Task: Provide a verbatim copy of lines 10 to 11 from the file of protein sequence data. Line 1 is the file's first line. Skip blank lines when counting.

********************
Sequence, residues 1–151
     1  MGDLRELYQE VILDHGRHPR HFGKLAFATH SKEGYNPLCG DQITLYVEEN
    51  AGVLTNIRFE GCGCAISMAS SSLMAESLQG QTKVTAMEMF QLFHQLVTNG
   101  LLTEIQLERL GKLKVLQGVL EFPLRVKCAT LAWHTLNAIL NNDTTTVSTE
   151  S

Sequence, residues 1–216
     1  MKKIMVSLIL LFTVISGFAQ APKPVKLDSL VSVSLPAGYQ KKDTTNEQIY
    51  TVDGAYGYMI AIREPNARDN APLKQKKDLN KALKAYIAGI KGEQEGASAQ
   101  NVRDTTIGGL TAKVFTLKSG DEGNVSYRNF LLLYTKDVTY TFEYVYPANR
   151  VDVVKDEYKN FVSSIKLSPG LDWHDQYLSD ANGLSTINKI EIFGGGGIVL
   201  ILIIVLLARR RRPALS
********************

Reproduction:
   151  VDVVKDEYKN FVSSIKLSPG LDWHDQYLSD ANGLSTINKI EIFGGGGIVL
   201  ILIIVLLARR RRPALS